They can go the distance!
A phalanx of non-professional actors from two Brooklyn community groups will make up a Greek chorus for a new mythical musical on the distant isle of Manhattan. The theatrical adaptation of the 1997 Disney film “Hercules,” opening at Central Park’s Delacorte Theater tonight, will feature 61 Brooklynites making their Off-Broadway debuts.
The Public Theater, known for its popular “Shakespeare in the Park” series, recruited more than 200 amateur actors from across the five boroughs to play minor parts in the all-singing, all-dancing tale of a Greek demi-god going from zero to hero. Among those new thespians are a Sunset Park dad and his two daughters, who were recently bitten by the acting bug.
“If you would have told me that I would be in ‘Hercules,’ I wouldn’t have believed you,” said Marvin Romero. “This is really the first theater that we’ve done. We’ve never done anything like this and to be a part of it is amazing.”
The show follows the plot of the animated Disney film, and features six songs from its Oscar-nominated score by composer Alan Menken and lyricist David Zippel, who wrote several additional songs for the performance. Romero found himself transported back to his childhood by hearing the original music, which he would sing with his daughters on the way home from rehearsals.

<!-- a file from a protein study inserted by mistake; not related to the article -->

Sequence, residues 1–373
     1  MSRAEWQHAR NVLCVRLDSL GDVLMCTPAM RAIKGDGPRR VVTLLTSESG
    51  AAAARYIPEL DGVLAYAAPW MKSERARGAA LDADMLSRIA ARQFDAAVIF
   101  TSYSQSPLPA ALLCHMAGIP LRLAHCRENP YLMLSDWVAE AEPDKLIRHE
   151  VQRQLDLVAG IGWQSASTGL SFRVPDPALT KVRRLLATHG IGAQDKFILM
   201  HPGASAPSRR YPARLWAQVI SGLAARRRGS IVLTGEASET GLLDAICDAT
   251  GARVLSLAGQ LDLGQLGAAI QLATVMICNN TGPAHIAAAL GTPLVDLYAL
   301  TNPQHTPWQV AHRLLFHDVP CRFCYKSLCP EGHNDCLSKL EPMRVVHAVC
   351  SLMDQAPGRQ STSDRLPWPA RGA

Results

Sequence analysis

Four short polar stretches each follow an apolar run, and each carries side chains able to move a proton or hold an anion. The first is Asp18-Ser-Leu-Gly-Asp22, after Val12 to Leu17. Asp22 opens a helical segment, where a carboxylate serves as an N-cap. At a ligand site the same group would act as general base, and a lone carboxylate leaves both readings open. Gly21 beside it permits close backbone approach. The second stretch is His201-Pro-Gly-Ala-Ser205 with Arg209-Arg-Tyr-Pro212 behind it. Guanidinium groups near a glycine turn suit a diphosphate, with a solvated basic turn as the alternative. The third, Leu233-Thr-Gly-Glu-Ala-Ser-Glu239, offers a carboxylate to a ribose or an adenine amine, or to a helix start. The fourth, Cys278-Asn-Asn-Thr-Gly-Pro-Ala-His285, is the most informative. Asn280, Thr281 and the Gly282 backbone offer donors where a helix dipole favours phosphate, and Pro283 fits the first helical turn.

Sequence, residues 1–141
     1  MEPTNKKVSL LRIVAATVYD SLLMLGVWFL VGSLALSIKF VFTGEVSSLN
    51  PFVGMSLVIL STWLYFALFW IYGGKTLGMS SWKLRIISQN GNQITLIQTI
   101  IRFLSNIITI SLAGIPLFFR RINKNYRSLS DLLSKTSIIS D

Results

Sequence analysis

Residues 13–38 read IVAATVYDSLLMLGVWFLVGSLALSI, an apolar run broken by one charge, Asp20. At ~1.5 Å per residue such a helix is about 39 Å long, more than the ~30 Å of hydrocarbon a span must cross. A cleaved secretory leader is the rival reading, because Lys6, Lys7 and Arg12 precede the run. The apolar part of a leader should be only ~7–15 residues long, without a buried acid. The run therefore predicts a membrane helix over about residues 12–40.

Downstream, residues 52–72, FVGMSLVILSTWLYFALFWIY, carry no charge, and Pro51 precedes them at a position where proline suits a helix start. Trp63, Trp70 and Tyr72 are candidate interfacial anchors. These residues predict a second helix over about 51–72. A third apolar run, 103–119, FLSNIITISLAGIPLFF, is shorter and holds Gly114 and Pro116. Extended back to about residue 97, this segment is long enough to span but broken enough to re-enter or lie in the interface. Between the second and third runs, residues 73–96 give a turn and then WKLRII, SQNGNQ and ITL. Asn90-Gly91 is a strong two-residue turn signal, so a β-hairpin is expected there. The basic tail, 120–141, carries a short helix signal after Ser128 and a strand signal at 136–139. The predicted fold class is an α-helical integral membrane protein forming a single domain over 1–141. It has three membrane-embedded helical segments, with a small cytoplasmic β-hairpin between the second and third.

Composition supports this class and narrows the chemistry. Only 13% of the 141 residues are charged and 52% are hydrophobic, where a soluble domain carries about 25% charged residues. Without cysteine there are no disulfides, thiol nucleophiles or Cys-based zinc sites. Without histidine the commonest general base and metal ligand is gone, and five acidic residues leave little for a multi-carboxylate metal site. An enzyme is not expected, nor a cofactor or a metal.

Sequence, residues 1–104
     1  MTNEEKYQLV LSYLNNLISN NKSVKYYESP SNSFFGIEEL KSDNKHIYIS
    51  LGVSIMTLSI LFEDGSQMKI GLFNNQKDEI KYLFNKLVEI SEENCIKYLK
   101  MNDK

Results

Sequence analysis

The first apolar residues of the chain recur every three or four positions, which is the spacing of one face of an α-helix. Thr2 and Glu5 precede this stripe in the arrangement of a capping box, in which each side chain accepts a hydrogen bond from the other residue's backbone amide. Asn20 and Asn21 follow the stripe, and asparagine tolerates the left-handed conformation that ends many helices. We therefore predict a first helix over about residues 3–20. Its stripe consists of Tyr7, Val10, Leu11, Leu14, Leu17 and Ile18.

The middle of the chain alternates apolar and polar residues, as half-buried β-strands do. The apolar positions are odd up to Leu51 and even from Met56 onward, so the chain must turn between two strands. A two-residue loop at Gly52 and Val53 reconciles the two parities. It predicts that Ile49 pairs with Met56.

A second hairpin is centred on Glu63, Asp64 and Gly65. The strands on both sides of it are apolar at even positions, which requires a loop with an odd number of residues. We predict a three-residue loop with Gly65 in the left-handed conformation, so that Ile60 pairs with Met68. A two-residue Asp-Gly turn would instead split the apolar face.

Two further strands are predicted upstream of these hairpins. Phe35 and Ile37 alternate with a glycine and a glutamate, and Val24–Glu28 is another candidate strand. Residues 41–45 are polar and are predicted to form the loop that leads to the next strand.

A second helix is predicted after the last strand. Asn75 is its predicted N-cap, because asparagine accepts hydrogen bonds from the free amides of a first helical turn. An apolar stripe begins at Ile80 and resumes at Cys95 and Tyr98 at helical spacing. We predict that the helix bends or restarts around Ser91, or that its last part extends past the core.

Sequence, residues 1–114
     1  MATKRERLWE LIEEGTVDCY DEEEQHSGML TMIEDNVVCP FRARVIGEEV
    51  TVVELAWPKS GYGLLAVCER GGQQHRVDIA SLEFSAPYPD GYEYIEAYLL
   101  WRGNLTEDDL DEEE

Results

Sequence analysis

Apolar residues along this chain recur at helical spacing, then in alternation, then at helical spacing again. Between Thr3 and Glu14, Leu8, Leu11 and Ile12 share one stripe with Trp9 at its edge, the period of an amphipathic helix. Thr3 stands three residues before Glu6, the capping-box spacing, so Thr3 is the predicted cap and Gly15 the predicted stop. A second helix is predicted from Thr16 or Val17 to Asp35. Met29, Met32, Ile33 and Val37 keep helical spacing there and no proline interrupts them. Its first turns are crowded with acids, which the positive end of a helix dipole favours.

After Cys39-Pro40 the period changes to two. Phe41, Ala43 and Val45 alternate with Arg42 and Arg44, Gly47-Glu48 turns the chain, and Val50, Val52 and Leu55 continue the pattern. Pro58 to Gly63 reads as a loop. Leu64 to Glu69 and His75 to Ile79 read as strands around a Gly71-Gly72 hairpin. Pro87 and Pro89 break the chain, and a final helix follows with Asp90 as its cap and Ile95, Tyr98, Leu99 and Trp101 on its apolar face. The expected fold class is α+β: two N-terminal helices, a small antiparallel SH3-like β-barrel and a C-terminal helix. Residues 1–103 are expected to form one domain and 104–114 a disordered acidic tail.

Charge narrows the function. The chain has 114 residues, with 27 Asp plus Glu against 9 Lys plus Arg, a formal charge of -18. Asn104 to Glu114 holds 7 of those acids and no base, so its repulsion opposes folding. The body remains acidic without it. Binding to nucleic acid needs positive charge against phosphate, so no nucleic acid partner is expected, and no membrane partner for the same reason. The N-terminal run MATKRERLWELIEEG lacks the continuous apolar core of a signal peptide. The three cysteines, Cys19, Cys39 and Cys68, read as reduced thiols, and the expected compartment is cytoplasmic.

“We go home every day singing it. It’s stuck in our heads, we’re in the train singing,” he said. “I felt like a kid again.”
Romero and his two daughters, Isabelle, 8, and Mayiah, 5, took up acting classes at the Sunset Park social services organization Center for Family Life at the beginning of this year. Public Works held auditions at the 39th Street Center, and Romero and his two kids secured parts at the beginning of June. Isabelle will portray one of the Three Fates, while her dad and sister will play townspeople of Agora.
The organization also sourced thespians from a weekly acting workshop at the Brownsville Recreation Center. One participant at the Brownsville site, who studied to be an actor but ended up in a different field, says that getting a part in the show has rekindled her love for the art form after more than a decade away from the stage.
“For me this is like a second chance, I’m getting a second chance for real,” said Kariyma Jo Ann Nelson, who was cast as a townsperson of Thebes.
The Bay Ridge resident moved to New York City 36 years ago to work as an actor, but could not make a living in the field. “Hercules” has given her another chance to be on stage again, she said.
“To be able to come back to theater again — I miss it,” she said. “I need this, and I wanted to just get back involved.”
“Hercules” at Delacorte Theater in Central Park [enter at Central Park West and 81st Street in Manhattan, (212) 539–8500, www.publi
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